Kolkata school makes COVID-19 negative certificate mandatory for students appearing for ICSE, ISC exams
Get COVID-19 negative certificate for ICSE, ISC exams, a reputed school in West Bengal’s Kolkata put up a notice on its website
Kolkata: A reputed private school of Kolkata on Wednesday asked the parents of those students, who would appear for the remaining ICSE and ISC examinations in July, to get coronavirus negative certificates for their wards.
The Council for the Indian School Certificate Examinations (CISCE) has allowed students to appear for the pending board exams from the city they are in at present and has also given an option to candidates to take up the exams later during compartmental tests, according to officials.
The exams, which were postponed in view of a nationwide lockdown, have been scheduled to be held between July 1 and 14.
"Should your ward be interested for the examination, parents are requested to go for a COVID TEST for your ward and get a negative result, which will help all the students appearing the Examination and minimising the risk of all the other people who are involved in conducting the ICSE (or ISC) Examination 2020 for the revised dates," a notice posted on the website of the private school on Wednesday read.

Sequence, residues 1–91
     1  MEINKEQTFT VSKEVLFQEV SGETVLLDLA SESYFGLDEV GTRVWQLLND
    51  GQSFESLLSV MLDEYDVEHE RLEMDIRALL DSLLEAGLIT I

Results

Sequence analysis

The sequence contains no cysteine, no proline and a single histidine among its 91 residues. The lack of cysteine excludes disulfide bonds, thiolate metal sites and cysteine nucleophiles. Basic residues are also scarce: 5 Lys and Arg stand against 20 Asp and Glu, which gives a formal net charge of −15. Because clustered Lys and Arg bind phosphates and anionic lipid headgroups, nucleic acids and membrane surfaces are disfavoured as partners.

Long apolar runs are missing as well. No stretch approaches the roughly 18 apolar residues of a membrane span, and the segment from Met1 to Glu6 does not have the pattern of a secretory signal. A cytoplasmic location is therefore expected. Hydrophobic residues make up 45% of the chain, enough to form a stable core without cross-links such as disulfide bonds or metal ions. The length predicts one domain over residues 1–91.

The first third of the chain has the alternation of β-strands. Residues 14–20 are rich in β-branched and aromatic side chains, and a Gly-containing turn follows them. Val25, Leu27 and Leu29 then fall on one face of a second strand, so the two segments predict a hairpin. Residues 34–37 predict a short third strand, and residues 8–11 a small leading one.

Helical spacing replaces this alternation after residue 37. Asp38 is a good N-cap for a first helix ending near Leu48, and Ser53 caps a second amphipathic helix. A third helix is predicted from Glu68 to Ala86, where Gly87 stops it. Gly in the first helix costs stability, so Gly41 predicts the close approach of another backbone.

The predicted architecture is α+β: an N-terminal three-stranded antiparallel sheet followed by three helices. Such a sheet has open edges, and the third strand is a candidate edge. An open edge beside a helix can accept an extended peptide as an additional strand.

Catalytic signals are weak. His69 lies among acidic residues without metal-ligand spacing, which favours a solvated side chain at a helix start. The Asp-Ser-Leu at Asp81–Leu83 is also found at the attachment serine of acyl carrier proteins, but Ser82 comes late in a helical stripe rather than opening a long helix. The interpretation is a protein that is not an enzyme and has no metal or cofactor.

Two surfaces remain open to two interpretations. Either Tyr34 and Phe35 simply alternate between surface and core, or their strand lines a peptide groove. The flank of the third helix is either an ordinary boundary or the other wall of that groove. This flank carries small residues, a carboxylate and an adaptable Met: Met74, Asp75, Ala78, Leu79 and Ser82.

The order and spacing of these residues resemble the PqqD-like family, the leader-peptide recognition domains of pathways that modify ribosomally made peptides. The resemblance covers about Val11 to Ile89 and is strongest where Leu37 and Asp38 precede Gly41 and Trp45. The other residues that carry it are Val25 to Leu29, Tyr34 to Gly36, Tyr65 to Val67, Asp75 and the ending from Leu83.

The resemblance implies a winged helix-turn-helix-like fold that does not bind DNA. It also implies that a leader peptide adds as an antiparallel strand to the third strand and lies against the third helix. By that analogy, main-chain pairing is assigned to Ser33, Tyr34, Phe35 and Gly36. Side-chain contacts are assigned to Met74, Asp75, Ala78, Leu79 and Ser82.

This step is necessary for the health of the candidates and others to be present during examinations, as the institute is in a containment zone, Principal of St Augustine's Day School, R S Gasper, told PTI.
Chief Executive Officer and Secretary of CISCE Gerry Arathoon did not take phone calls, according to PTI.
The notice, signed by the principal, asked the parents to submit the COVID-19 test result of students at the school by June 25.
The notice also said that in case a candidate does not like to write the examinations, the Pre-Board marks will be accepted for the remaining examination and the candidate's results will be based on it.
The consent regarding appearing for examinations or not is to be submitted to the school by June 19.
A source at the Association of Heads of ICSE Schools in West Bengal said that to his knowledge, no other school in the state has put up such a condition for ISC or ICSE examination candidates willing to write the remaining papers.
The principal of a south Kolkata school, affiliated to the ICSE board, described the decision as "absolutely ridiculous and unfair to the children. Can a school do this to its students? Instead, they could have used thermal guns to check the body temperature of candidates at the gate and keep a medical helpdesk nearby."
The head of another school wondered how the test result can be submitted on July 25 and be valid on July 1, as such tests need to be taken 48 hours earlier.